Pinyon’s editor and publisher, Gary Entsminger, publishes a variety of award-winning poets and writers, and Waldor is among this tribe –he was a finalist for the 2009 National Jewish Book Award. His work has been featured in numerous literary journals, including The American Poetry Review, Ploughshares, the Iowa Review, Pinyon Review, Colorado Review, and other poetry publications. He works in the insurance business and lives in northern New Jersey and Telluride, Colorado.
The Wilderness Poetry of Wu Xing can be ordered from Pinyon Publishing, 23847 V66 Trail, Montrose, Colorado 81403.

Monday, June 24, 2013


The first summer we set out for Asheville, North Carolina, a friend told me that we were embarking on a busman’s holiday–after all, The Mountain here at Sewanee is 2,000 feet, and we enjoy the same type of scenery in Tennessee. What she didn’t understand was that we needed a “shot of the city” and its culture after living four months in a village of 2,000 people.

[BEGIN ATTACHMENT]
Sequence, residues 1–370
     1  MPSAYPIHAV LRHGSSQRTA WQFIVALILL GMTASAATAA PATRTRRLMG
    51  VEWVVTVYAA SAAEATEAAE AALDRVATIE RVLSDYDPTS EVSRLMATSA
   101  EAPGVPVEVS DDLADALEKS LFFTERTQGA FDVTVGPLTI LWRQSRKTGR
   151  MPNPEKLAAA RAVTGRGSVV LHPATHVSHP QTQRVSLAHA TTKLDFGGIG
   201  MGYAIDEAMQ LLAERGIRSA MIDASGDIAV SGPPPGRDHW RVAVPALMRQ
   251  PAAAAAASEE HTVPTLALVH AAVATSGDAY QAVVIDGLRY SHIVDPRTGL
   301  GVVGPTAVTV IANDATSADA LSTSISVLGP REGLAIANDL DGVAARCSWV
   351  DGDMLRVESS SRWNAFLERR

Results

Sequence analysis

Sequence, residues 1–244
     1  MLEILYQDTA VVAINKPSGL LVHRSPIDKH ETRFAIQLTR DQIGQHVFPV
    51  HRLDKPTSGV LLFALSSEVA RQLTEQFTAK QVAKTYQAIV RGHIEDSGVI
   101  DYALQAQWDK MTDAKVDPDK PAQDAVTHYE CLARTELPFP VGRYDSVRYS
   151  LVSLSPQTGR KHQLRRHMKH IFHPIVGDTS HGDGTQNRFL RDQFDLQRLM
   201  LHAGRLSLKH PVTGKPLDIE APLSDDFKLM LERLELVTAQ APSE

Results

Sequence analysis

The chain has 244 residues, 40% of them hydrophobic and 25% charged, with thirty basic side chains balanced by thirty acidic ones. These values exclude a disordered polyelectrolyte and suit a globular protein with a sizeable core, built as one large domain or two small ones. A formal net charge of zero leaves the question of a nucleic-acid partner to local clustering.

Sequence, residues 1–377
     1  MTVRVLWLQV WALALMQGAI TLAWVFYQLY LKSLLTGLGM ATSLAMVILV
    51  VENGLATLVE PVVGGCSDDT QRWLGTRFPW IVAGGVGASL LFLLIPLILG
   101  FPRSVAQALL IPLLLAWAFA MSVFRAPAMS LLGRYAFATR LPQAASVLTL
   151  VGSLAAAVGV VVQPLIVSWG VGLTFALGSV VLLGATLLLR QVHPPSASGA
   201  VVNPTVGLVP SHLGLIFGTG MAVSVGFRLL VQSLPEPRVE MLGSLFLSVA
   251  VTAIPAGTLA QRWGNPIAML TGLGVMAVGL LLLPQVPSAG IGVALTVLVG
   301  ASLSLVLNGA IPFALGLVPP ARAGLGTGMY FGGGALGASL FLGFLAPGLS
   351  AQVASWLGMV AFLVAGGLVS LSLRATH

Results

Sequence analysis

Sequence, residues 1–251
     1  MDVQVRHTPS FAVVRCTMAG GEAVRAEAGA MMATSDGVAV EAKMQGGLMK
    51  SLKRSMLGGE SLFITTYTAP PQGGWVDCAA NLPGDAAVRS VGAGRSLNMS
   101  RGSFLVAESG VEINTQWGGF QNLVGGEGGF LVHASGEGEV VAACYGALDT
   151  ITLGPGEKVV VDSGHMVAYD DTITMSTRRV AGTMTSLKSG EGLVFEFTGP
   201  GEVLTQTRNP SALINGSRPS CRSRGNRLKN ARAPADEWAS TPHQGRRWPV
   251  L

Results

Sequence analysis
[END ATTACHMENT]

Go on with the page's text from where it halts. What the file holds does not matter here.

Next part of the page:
For writers who need stimulus, Asheville offers the best of mountain destinations. In 2010 and 2011, The American Style Magazine named Asheville among ten top artists’ destinations, and in 2010, the city claimed the top place on this list. Our first visit to the River Arts District in Asheville confirmed that report, and our visual senses were treated to a plethora of unique art work in ceramics, fiber, glass, jewelry, metal, paint, prints, photography, stone, and wood.
For four years we’ve haunted the district where 175 artists display their work in 24 different historic buildings, most of which are warehouse type studios where artists engage visitors while they work at their craft. Many of the artists have been drawn to and inspired by the Blue Ridge Mountain landscape, which is represented in paintings, sculptures, and photographs.
We wandered into the studio of Constance Williams, an expressionist encaustic painter whose work fascinated me, and within five minutes, the artist and I had connected–as poets and artists often do. Constance, eager to instruct us about the encaustic process, gave us a short course on the luminous art pieces in her studio, explaining that she uses hot fluid paint, a blow torch, and fireproof tools to create conceptual pieces that appear to have captured her subconscious for a complex, poetic effect.